REALTOR® Definition, Role And Facts
Miranda Crace5-minute read
April 20, 2023
The real estate industry is rife with obscure terminology and tricky lingo. For example, you’ve likely heard the word REALTOR® used interchangeably with the term “real estate agent” or “real estate broker.” In fact, some dictionaries even conflate the terms. While they’re all real estate professionals, they absolutely have some key distinctions. Confusing, right?
So, what is the real definition of a REALTOR® and why is it a registered term? Read on to find out once and for all, and to learn exactly how REALTORS® differ from their real estate industry counterparts.
What Is A REALTOR®
A REALTOR® is any real estate professional who is a member of the National Association of REALTORS® (NAR), an association founded in 1908 as the National Association of Real Estate Exchanges. Those who hold the title of REALTOR® can include real estate agents, real estate brokers, property managers, appraisers or any other professional working in the real estate industry who holds membership in this association. There are currently more than 1.5 million REALTORS® in the United States.
The word REALTOR® is a federally registered collective membership mark. The designation is widely respected, as it requires adherence to the high standards and code of ethics of the association.
REALTOR® Vs. Real Estate Agent Vs. Real Estate Broker
While a REALTOR® is any member of NAR, a real estate agent is a professional who is licensed specifically to aid in the sale of real estate, under a broker. If a real estate agent is a member of NAR, they would also hold the REALTOR® designation, but it’s important to note that not all agents are REALTORS®.
Agents work under brokers who run real estate firms. Like real estate agents, brokers are licensed to facilitate real estate transactions. Brokers are typically required to have several years of work experience as agents before they can take the broker’s exam and obtain licensure.
Again, just to be clear, a broker would be considered a REALTOR® only if they were a member of NAR.
Real estate brokers might be confused with mortgage brokers in the real estate market. The key difference is that mortgage brokers work with lenders to help match people with financing. Real estate brokers connect home buyers and sellers.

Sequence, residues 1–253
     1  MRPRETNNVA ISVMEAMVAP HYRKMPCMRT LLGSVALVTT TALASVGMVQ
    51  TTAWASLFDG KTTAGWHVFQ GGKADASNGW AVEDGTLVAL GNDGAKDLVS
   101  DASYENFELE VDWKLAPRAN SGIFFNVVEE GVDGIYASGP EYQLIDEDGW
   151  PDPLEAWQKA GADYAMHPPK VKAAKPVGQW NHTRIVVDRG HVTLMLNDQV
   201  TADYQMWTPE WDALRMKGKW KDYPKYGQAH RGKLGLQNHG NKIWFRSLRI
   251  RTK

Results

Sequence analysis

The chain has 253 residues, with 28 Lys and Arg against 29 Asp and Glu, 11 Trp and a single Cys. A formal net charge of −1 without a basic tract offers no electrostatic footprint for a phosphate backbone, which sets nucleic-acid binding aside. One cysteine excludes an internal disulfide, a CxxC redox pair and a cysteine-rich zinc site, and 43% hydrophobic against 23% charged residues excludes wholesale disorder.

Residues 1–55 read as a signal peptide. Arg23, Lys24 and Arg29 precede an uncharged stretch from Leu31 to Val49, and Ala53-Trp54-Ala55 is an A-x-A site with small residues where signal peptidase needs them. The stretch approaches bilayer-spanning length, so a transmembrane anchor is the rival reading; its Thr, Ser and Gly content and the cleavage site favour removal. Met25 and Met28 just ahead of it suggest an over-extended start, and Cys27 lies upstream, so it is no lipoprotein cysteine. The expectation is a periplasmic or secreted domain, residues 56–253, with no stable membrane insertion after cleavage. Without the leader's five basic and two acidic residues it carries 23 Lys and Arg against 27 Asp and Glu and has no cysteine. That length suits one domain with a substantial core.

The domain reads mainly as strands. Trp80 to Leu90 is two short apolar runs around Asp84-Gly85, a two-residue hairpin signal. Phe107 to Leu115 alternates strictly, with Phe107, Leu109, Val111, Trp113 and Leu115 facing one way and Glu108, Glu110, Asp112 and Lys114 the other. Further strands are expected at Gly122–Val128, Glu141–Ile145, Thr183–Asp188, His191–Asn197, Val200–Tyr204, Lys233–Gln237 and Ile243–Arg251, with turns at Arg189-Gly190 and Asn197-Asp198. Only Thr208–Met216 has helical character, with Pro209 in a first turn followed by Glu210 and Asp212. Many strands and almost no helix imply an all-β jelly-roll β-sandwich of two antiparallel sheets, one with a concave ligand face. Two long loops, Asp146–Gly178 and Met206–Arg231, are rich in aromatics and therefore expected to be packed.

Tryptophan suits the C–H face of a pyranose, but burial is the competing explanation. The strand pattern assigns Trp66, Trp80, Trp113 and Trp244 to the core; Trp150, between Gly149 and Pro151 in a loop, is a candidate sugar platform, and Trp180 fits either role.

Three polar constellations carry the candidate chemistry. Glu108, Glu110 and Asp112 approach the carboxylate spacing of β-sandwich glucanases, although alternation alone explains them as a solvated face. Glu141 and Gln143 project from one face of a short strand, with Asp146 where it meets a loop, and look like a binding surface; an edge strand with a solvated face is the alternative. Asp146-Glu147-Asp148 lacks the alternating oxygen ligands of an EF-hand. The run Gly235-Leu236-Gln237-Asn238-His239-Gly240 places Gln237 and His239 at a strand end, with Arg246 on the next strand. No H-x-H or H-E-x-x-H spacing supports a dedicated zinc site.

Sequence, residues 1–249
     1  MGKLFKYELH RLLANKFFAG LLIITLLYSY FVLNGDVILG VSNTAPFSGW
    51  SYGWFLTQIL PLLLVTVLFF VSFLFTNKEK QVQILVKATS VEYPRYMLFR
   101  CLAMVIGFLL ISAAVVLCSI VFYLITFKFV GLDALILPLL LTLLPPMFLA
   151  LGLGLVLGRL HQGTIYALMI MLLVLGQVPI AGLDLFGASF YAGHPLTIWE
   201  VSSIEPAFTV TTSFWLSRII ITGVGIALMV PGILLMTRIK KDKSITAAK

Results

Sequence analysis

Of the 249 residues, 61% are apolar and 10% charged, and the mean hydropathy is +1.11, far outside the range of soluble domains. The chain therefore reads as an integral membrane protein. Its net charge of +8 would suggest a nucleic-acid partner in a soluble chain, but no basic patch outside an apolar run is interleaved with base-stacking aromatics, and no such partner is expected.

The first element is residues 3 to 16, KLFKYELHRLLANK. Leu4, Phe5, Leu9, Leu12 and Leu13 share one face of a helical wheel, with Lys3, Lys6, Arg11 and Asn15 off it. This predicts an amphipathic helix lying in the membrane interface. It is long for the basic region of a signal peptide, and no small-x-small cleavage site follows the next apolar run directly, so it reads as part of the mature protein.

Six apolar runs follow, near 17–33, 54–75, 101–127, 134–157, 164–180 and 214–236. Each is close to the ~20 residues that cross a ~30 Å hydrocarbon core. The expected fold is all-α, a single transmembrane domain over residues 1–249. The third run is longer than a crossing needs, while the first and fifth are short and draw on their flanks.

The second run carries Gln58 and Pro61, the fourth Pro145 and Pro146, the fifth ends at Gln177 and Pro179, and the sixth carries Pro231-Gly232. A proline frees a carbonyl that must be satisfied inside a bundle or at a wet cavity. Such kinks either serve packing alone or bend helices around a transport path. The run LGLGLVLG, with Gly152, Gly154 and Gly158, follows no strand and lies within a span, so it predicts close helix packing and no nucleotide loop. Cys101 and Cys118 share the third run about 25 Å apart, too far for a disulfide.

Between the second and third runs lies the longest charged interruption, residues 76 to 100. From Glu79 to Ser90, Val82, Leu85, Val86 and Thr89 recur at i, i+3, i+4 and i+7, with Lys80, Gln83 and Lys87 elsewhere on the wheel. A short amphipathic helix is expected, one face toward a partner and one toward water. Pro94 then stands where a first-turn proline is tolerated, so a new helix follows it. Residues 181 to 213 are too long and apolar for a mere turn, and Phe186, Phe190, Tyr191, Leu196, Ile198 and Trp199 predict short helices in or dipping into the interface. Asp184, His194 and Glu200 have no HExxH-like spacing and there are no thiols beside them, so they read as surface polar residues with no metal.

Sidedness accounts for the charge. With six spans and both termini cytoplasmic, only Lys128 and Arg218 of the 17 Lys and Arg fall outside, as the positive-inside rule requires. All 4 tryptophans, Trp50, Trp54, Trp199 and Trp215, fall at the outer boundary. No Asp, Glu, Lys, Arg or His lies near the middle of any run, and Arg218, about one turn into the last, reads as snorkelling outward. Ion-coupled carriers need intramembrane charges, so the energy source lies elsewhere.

See What You Qualify For
Congratulations! Based on the information you have provided, you are eligible to continue your home loan process online with Rocket Mortgage.
If a sign-in page does not automatically pop up in a new tab, click here
How Do REALTORS® Make Money?
REALTORS® help people buy, sell and rent homes, taking care of everything from advising clients on market conditions, putting in offers and conducting walkthroughs. REALTORS® make money on commission, meaning they take a portion of a property’s sales price. Generally, the buyer’s agent and seller’s agent each take 3% of the total sales price for the home. This combined 6% comes out of the profit that the seller makes on their sale.
What Is The REALTOR® Code Of Ethics?
As briefly mentioned before, REALTORS® are held to a high standard of professionalism and integrity. This isn’t just lip service – REALTORS® follow a code of ethics, known as the Code of Ethics & Professional Standards, designed to protect consumers from dishonest business practices. The code discusses many aspects of a REALTOR’S® duties, including how to handle conflict, how to advertise and how to treat clients.
It’s worth noting that real estate agents have much of the same training and expertise based on having to pass state licensing exams.
Should You Hire A REALTOR®?
The decision whether to work with a REALTOR® comes down to each individual and what’s best for their situation. There are many advantages to partnering with a REALTOR® when buying or selling a home, including:
- They are knowledgeable of the home buying process. Real estate transactions can be a complicated process so having someone on your side who is knowledgeable on the ins and outs of buying or selling a home can make the process less daunting for you.
- They will always have your best interest in mind throughout. When you hire a REALTOR®, that individual works for you. You should be able to trust that your REALTOR® has your best interest at heart throughout every stage of the transaction, so you can count on them to provide you with guidance and advice whenever needed.